Covid-19 has undoubtedly proved a major shock for Sydney’s commercial property market, with the city’s strong position at the start of the year significantly undermined by the pandemic.
While the year to March saw the vacancy rates at near record lows, especially for primary properties, vacancy rates saw a dramatic increase as major tenants put space back on the market; nearly a million square feet were made available between March and July.
This space may take time to refill. Many white-collar firms have been forced to rethink their home-working and flexi-time policies as a result of Covid-19, and the potential reductions in cost that a smaller footprint could mean will not have escaped the attention of CEOs desperate to balance the books.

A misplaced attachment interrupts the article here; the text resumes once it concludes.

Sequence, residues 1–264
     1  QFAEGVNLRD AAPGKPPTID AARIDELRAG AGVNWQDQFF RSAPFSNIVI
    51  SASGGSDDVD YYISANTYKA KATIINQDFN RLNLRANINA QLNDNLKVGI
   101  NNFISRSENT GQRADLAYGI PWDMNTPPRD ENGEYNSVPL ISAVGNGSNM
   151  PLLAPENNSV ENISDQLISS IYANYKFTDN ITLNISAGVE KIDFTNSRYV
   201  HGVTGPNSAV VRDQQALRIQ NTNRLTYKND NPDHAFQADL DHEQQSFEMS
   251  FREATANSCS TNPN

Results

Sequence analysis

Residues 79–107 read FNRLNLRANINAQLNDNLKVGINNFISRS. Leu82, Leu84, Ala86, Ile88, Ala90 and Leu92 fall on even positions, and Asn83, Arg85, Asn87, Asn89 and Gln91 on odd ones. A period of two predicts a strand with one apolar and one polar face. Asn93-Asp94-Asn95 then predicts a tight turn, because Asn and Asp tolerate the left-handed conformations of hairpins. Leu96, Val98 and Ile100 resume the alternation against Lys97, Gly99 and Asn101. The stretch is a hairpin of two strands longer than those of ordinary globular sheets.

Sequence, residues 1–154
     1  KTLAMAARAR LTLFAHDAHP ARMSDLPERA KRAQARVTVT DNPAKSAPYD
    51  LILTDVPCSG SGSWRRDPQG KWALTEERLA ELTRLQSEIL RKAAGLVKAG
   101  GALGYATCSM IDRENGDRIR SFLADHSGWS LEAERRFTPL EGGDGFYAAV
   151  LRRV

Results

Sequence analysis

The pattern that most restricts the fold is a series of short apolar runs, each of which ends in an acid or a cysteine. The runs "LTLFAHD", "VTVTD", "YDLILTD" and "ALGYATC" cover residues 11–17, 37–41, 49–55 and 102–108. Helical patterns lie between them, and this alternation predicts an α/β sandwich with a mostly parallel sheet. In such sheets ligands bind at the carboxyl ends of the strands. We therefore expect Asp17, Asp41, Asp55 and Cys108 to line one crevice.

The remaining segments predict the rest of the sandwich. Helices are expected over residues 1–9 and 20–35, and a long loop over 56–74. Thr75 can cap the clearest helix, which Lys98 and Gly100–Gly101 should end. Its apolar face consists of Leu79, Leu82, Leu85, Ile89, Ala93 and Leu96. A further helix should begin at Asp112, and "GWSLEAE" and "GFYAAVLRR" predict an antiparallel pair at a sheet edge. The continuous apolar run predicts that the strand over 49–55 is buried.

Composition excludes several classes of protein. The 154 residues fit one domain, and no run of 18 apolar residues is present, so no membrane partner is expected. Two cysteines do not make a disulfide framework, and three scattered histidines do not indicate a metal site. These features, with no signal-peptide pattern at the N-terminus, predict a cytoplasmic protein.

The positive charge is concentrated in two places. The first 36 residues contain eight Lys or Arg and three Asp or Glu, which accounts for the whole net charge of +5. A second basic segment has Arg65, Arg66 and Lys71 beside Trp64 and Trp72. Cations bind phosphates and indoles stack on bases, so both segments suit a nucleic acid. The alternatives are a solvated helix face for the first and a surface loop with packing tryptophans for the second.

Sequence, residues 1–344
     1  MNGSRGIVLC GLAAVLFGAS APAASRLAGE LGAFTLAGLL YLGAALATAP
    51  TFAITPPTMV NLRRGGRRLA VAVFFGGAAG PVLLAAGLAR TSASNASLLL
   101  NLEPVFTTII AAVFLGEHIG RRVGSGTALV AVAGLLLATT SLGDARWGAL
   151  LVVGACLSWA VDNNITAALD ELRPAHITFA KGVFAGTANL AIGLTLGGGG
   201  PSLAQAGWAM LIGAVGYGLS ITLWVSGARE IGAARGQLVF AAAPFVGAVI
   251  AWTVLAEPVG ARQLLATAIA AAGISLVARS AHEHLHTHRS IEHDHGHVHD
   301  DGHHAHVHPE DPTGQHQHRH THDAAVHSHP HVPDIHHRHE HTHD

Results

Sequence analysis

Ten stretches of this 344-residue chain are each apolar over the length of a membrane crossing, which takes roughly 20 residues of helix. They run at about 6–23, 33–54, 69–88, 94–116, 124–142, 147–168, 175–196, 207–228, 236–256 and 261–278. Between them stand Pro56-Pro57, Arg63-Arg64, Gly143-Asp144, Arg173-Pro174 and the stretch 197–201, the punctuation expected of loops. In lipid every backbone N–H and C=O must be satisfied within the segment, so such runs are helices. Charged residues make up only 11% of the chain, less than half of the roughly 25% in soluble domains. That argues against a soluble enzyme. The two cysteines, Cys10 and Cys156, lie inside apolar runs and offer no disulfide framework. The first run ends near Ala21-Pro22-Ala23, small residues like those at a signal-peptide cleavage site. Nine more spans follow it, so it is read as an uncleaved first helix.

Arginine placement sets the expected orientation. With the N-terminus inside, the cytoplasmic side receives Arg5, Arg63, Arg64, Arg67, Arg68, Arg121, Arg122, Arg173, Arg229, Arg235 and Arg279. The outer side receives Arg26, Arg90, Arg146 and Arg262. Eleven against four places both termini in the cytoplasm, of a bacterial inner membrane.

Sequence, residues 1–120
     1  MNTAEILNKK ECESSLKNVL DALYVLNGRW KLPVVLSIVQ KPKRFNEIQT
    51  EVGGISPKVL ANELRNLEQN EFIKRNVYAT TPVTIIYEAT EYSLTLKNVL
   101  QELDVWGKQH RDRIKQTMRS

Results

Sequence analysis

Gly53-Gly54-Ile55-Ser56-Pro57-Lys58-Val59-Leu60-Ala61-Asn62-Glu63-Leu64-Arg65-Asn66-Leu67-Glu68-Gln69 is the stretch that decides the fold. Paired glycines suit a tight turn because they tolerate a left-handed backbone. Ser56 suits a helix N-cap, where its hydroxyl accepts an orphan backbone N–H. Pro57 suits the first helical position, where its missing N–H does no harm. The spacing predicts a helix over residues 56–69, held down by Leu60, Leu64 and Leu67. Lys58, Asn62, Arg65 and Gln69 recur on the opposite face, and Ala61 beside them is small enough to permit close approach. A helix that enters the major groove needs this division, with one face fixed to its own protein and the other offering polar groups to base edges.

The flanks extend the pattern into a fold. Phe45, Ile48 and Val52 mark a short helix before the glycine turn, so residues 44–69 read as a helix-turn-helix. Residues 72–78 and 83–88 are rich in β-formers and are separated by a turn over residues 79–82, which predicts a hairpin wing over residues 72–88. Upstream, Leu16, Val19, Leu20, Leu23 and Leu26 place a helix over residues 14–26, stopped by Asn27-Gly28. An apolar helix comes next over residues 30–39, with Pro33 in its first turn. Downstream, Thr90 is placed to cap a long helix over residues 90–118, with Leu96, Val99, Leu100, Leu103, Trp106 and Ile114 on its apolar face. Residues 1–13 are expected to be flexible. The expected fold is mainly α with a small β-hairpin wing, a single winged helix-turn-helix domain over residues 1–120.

However, the picture is not entirely negative. The strong fundamentals that preceded the pandemic mean that Sydney is better equipped to deal with a shock like this than other major centres in Australia. While companies will certainly look to optimise their space in coming years, there may well be a rise in flexible working offices once some degree of certainty has returned to the market; working from home does not suit everyone, and flex-space may well make up a significant proportion of the new office landscape. Finally, it is worth remembering that Australia has dealt with the pandemic relatively competently compared to many other major economies. This positive perception could entice tourism, migration and overseas investment, a triumvirate that has served the city’s commercial property market well in the past.